In a landslide victory, the incumbent Labor government not only retained their position in the Victorian State election, they essentially wiped out any real LNP opposition. Despite a lacklustre fear campaign and vague policy promises, the Coalition parties have been suffering greatly. This trend started with the loss of Wentworth, and now a stunning defeat in a State election. We cannot become complacent – this shift must continue and move further forward.
Labor is by no means a perfect party – there are many fair criticisms to be made of them, such as their quiet acceptance of the Adani mine in Queensland, or the compromises they’re willing to make on the TPP (a deal revived by Turnbull after Trump pulled the US out. One could argue that that was the best things Trump as done, but considering his motives it’s just classic Trump and not benevolence). But as the so called “blue wave” in America’s midterms showed, change will never be a sudden thing. While the race in 2016 was between Trump and Hillary, the highlight of that election was Sanders’ campaign. Now, a gradual shift in the Democratic Party has begun to follow his lead, and it’s actually motivating voters to add their voice. After the recent leadership spill here (three different LNP leaders in five years, longer if you consider Abbott first knifing Turnbull while they were in Opposition), the same movements are being seen here.
Wentworth was never going to flip to Labor, but Phelps managed to grab the LNP’s supposedly safest seat as an Independent. Faith in the Coalition on all levels is faltering, and while Phelps isn’t a major progressive voice like Sanders is, it’s a step in that direction. Author Jane Caro has announced that she may campaign against Abbott in his seat of Warringah, also as an Independent. GetUp and other groups have been urging voters to throw Peter Dutton out of his seat in the next Federal election, on account of his role in the latest spill, and his treatment of refugees as Home Affairs Minister. Targeted campaigns, seemingly with a focus on doing away with the two party system, have been showing great promise. The likelihood of breaking away from that system is small, but even so, in two party terms, Labor has been gaining drastically.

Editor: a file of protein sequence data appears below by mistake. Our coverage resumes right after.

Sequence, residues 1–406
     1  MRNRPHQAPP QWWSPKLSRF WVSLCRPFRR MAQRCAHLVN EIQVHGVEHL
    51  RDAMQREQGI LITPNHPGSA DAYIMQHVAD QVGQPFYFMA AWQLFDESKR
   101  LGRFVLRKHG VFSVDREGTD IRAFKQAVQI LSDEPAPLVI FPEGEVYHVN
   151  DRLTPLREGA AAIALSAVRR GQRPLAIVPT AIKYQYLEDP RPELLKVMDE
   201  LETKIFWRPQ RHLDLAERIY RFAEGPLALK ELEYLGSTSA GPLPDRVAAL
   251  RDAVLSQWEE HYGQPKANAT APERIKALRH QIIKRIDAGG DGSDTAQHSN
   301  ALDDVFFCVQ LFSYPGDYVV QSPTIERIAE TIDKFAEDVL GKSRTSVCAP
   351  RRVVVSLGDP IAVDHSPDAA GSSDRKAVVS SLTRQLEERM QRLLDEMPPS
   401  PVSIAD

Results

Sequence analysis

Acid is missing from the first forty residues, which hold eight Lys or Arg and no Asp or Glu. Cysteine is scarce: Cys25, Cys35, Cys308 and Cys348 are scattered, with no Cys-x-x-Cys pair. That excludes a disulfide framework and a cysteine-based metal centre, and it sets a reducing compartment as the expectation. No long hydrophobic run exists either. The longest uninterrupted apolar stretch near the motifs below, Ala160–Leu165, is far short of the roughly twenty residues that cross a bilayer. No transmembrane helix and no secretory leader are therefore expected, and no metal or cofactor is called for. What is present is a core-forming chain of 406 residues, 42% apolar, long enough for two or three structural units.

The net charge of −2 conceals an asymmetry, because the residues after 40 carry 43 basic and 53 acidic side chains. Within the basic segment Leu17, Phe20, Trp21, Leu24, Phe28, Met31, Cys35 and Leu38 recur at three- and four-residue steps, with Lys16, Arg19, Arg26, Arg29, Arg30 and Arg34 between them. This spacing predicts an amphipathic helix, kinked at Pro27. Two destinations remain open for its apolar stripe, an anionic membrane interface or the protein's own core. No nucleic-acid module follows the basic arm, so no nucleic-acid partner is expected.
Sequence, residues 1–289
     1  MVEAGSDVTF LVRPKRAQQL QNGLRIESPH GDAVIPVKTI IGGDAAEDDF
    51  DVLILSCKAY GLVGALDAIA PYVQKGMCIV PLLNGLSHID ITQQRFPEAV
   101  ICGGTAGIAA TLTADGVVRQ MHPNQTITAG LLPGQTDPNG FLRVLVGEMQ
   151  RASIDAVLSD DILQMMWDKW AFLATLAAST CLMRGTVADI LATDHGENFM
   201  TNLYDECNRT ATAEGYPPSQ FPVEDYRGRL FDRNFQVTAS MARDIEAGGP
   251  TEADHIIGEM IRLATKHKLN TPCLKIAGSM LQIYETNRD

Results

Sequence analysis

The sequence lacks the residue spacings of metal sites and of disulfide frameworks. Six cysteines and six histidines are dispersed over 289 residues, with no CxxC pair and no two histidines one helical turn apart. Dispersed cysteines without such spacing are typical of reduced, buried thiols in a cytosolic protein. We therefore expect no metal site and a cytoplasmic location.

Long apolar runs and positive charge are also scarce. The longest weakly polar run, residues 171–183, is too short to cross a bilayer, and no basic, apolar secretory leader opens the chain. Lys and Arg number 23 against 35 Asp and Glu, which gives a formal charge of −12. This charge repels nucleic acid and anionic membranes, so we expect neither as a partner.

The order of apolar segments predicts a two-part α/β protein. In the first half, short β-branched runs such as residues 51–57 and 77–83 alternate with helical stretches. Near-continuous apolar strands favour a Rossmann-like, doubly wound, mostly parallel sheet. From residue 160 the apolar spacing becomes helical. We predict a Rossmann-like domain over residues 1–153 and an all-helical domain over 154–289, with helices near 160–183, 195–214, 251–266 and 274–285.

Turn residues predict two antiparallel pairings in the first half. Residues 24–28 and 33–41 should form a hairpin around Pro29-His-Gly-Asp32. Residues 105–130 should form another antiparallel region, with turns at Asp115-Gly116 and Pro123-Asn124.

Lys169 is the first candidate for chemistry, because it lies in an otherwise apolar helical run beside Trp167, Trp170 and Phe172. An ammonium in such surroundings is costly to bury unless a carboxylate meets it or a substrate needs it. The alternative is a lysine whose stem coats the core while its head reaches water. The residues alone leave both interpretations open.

Voters in Victoria swung massively in favour of Labor. Voters in NSW have been sick of their government’s worthless and extravagant spending on unnecessary or dodgy projects while cutting funds to worthwhile investments, like education. In Queensland, the call against Adani from the public can only (one can hope) mean the LNP and minor parties like Katter and One Nation will lose more influence in subsequent elections. For that to take place, however, Labor needs to stop tiptoeing around the mine and slam the Indian company for its blatant corruption and disregard for our environment. The common ground here is the disgust towards the Coalition and their atrocious policies.
But, while public opinion is currently dissident, and certain campaigns are garnering much support, it can’t stop here. We have a Federal election coming up in May (perhaps earlier, if the Coalition does fall apart before then), and there can be no complacency. The Coalition has to go, and whether that’s through Labor, Greens, or Independent victories, it is a necessity for our country’s future. The slow Americanisation of our country cannot be allowed to continue, lest we also fall into disrepair and total, entrenched corruption, and our reliance on fossil fuels needs to stop. The UN report on climate change released recently should be more than enough reason to vote out anyone who is negligent of such matters.
We have a real chance to change the direction our country is taking – exercise your right to decide the outcome, and do so wisely.